The October Revolution 100 Years On

The October Revolution 100 Years On

Workshop overview.

Workshop convener: Mark Cowling (Teesside University, retired) email: CMCowlingUK@Gmail.com on behalf of the Marxism Specialist Group of the PSA.

If there was any one central event in the history of the 20th century it was the Communist revolution in Russia in October 2017.  The rest of the century, at least up to 1989, was dominated in one way or another by the rise and fall of the Soviet Union.

The purpose of this workshop is to think about this event and its aftermath in relation to Marxist theory.  A large number of questions present themselves.  Marx did not anticipate a communist revolution in a relatively backward country such as Russia.  One question, therefore, is whether the revolution was what he had in mind.  A possibly related question is whether the revolution can be regarded as democratic, given the way in which the Constituent Assembly was disbanded by the Bolsheviks.  A planned economy was instituted, but ultimately collapsed in 1989, raising the question as to whether a socialist economy is viable, and if so of what sort?  Were there some aspects of the Soviet economy which worked well?  Assuming a socialist economy of some sort is viable today, how much has Marxist theory to offer in showing us how it should be constructed?  Since the collapse of the Soviet Union, there has been a massive rise in inequality in capitalist economies – is there some kind of cause and effect at work?  If this workshop had been held 40 years ago, it would be against the background of a rapid expansion of communism since the Second World War.  We would be arguing about why it is so successful, and also about whether the Soviet Union is a genuine socialist society with problems and imperfections, a state capitalist society, a distorted workers state, a society dominated by some kind of new class etc.  Are these simply issues from the past, or do they have anything to tell us today?  These are very big questions, with ramifications in all sorts of areas theory and analysis, and they by no means exhaust the issues raised by the October Revolution.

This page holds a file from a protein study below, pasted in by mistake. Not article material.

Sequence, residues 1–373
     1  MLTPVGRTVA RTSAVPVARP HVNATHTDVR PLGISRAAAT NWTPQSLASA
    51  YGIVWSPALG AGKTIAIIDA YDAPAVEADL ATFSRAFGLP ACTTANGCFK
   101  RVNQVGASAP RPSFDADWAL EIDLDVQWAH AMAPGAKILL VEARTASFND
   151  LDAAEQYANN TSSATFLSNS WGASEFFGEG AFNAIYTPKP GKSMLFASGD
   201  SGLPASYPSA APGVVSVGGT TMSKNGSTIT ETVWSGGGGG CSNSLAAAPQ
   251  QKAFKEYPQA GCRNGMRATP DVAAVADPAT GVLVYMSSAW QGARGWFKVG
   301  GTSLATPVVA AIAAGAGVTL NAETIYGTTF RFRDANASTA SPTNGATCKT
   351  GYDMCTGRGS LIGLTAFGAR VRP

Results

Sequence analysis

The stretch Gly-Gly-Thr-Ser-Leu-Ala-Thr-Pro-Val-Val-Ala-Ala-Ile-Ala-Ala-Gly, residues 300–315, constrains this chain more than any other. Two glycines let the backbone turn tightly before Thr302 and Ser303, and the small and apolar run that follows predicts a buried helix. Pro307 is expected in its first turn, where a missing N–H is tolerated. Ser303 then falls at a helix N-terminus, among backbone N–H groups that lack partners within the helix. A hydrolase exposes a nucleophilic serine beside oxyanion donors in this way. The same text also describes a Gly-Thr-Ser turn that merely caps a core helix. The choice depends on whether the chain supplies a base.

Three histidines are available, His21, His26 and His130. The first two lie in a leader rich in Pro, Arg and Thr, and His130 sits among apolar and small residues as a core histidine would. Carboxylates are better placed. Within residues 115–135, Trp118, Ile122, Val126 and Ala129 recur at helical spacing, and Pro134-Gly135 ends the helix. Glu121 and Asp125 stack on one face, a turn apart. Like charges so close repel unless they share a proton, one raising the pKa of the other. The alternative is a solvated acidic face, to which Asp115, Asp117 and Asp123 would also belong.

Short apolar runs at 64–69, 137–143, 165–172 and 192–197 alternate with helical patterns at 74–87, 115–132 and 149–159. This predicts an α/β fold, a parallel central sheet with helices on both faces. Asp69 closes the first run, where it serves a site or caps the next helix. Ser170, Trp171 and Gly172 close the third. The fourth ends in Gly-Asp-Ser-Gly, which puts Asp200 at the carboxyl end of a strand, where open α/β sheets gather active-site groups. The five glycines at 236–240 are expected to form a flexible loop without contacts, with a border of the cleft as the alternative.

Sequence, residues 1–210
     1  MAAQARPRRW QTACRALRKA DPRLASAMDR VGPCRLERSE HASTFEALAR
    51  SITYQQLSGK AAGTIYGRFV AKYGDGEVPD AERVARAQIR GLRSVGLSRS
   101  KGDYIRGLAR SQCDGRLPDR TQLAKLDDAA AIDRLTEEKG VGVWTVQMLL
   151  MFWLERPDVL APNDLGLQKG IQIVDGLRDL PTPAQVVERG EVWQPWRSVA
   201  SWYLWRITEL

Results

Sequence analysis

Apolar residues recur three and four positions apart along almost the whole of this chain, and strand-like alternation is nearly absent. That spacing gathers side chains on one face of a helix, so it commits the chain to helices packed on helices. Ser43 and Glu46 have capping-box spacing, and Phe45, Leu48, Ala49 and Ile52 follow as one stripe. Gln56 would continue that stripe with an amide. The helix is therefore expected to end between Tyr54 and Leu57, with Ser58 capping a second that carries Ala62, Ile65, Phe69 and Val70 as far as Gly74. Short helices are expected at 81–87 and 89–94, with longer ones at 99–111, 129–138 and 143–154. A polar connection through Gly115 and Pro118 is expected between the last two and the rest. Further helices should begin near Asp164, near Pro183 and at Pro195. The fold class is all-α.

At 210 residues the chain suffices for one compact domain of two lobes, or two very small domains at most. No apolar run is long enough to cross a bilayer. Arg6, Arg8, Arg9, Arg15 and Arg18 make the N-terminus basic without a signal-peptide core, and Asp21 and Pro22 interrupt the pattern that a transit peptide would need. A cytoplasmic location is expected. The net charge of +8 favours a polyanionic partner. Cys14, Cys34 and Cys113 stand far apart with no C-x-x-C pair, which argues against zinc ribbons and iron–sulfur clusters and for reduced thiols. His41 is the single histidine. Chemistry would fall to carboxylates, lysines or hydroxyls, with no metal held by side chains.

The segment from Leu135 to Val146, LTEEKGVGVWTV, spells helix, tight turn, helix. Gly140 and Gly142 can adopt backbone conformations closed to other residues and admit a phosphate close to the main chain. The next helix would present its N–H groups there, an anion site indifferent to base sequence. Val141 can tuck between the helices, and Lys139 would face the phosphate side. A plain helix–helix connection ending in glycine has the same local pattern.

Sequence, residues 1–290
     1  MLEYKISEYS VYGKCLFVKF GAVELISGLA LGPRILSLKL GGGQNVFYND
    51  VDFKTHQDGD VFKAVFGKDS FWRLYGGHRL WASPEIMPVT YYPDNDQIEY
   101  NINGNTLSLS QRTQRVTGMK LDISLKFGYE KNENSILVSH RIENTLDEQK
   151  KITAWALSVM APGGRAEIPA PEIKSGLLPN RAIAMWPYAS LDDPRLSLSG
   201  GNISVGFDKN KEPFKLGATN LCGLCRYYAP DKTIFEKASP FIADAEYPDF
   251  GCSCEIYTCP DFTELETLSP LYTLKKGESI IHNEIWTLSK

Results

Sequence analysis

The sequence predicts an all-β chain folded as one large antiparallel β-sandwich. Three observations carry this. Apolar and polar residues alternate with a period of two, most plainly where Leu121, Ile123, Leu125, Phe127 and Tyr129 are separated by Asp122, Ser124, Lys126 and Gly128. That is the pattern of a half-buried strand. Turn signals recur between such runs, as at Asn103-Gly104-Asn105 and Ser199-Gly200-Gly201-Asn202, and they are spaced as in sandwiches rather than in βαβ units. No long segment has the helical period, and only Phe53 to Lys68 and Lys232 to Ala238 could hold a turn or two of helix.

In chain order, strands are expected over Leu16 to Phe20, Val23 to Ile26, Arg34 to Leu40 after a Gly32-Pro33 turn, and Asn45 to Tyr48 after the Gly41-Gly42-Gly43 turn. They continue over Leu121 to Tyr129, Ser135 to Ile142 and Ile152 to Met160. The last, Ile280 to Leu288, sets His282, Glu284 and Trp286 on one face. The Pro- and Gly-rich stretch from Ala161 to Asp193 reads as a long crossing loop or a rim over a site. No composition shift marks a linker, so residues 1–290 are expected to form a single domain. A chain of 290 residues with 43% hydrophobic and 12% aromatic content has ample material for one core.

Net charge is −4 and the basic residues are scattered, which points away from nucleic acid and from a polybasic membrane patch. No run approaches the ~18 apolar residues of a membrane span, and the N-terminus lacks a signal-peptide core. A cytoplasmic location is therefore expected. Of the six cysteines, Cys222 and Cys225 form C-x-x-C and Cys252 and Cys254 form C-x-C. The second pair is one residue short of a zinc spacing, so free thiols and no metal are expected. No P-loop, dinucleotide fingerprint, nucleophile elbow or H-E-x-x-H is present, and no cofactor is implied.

Papers offered so far:

Mark Cowling (Teesside University, retired) “Rosa Luxemburg and the failed German revolution of 1919)”.  (By Skype).

Valeria Vegh Weis “The History of Criminal  Selectivity”.

Paul Raekstad (University of Amsterdam) “A Vanguard Revolution? Michael Lebowitz’ Critique of the Vanguard Marxism”.

Dr David Bates (Canterbury Christchurch University) “Lenin, Anarchism and 1917″.